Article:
Posted by: John Brace | 11 January 2021

Wirral Council’s auditors Grant Thornton issue adverse value for money conclusion on 2019–20 accounts

Wirral Council’s auditors Grant Thornton issue adverse value for money conclusion on 2019–20 accounts

                               

By John Brace (Editor) and Leonora Brace (Co-Editor)

First publication date: 11th January 2021, 11:51 (GMT)

A previous public meeting of Wirral Council’s Audit and Risk Management Committee held on 27th January 2020

A previous public meeting of Wirral Council’s Audit and Risk Management Committee held on 27th January 2020

Tonight (11th January 2021) Wirral Council’s Audit and Risk Management Committee meets to agree to both its own accounts for 2019–20 and that of the Merseyside Pension Fund (Wirral Council is the Administering Authority for the Merseyside Pension Fund). The legal deadline for final audited local council accounts for 2019-20 was put back to the end of November 2020 because of the pandemic but Wirral Council is set to approve its accounts for 2019-20 considerably later than this deadline.

Wirral Council’s auditors Grant Thornton on page 5 of their report in their determination of whether Wirral Council “has made proper arrangements to secure economy, efficiency and effectiveness in its use of resources” which is known as “the value for money (VFM) conclusion” has determined for the 2019–20 financial year that Wirral Council have not made proper value for money arrangements. Their report states, “We have concluded that Wirral Council does not have proper arrangements to secure economy, efficiency and effectiveness in its use of resources. We therefore anticipate issuing an adverse value for money conclusion”.

Later in their report, Wirral Council’s auditors point out that the 2019-20 Revenue Budget included £7 million from the flexible use of capital receipts (generally the sale of land and buildings), but there were warnings from Wirral Council’s auditors three years ago that the use of one-off amounts from capital receipts to support Wirral Council’s Revenue budget was not financially sustainable.

An example of a capital receipt that Wirral Council may receive is the proposed £820,000 from the controversial sale of land in Upton to Lidl for a supermarket. At the time of writing 990 people have signed a petition of opposition to the sale and the consultation period for objections to the sale of the land closed last Friday (8th January 2021).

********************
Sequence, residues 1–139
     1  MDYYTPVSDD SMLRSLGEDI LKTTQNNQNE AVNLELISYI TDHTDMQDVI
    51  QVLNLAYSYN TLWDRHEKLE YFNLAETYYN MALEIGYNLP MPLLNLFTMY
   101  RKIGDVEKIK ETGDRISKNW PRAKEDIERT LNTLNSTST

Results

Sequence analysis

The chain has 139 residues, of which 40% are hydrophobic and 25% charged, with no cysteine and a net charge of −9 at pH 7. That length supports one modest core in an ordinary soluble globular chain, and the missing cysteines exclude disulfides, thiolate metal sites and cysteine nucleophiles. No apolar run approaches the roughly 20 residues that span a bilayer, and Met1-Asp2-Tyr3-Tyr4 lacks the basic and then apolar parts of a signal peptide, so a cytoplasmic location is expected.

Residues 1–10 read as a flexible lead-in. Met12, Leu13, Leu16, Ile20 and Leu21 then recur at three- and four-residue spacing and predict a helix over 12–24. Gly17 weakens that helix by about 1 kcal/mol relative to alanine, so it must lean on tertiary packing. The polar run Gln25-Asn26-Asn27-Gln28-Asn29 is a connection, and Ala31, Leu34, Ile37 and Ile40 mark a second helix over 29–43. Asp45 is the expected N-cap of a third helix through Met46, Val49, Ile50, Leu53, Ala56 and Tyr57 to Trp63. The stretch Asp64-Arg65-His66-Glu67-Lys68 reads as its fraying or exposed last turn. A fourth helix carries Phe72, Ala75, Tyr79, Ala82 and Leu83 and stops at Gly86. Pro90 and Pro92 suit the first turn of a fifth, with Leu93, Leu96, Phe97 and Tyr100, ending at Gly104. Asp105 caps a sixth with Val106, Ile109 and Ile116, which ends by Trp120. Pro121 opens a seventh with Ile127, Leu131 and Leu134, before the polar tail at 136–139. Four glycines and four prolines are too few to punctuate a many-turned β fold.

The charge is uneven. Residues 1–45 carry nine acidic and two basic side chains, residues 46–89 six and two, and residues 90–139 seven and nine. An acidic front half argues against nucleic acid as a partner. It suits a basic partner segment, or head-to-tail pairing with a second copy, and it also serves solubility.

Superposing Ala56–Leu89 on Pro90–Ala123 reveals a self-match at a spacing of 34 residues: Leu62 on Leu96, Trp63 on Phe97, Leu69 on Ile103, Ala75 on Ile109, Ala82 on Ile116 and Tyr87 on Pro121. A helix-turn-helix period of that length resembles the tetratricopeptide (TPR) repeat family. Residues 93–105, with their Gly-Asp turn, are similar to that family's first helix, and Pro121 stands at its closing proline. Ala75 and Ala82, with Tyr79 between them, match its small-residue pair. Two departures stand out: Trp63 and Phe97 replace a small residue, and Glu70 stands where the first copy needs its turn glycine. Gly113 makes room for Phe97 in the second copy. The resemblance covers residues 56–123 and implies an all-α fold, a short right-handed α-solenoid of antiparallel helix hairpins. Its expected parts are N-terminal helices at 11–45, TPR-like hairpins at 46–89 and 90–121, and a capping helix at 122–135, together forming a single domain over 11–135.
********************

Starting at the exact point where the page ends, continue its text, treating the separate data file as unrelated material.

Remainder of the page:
Wirral Council is at the time of writing is also consulting on its 2021–22 Budget, one of the proposals for the 2021–22 Budget is to close Europa Pools which has attracted a petition of objection of 3,835 people at the time of writing.

The public meeting of Wirral Council’s Audit and Risk Management Committee can be watched at this link. The papers for the public meeting can be read on Wirral Council’s website.

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Responses

  1. I believe roughly 11% of every single Wirral Council Tax payer’s personal council tax demand is used to prop up a hidden debt of £295 million in LOBO loan debt to foreign banks with outposts based in London. But if you read the Wirral Globe and the Liverpool Echo, listen to or watch the northwest news, you wouldn’t know. A further large percentage is used to fund the pensions of council staff, but the media, feigning impartiality but in reality being captured and controlled, don’t tend to dwell on such awkward matters.

    • Thanks for your comment Paul.

      The draft Statement of Accounts for Wirral Council for 2019-20 show LOBO loans valued at £202.8 million (fair value) or £102.3 million (carrying amount). So is your figure of £295 million for LOBO loans from a previous year or using a different valuation method?

      The issue of pension liabilities was discussed at the meeting of the Audit and Risk Management Committee but the issue of LOBO loans wasn’t.

      Large amounts of what Wirral Council collect in council tax also are not spent by it directly but go to Merseyside Fire and Rescue Authority/Merseyside Fire and Rescue Service, Merseyside Police/Office of the Police and Crime Commissioner for Merseyside, Merseytravel/Liverpool City Region Combined Authority and Merseyside Waste Disposal Authority (known as Merseyside Recycling and Waste Authority). Didn’t there used to be a leaflet sent out by Wirral Council each year with pie charts with the annual council tax demands showing the relative amounts spent on each area?

      • Thanks John, that’s the original fair value amount (fair?!) before the Barclays(?) portion was settled. My bad. We only owe £202 million and if we keep procreating, our grandchildren will step in and settle it for us in 2078 – the 200th anniversary of the founding of Everton Football Club. Cheers.

  2. Well done Paul, i suppose the 80% of our tax goes towards paying wages, leaving around 7% to run the place.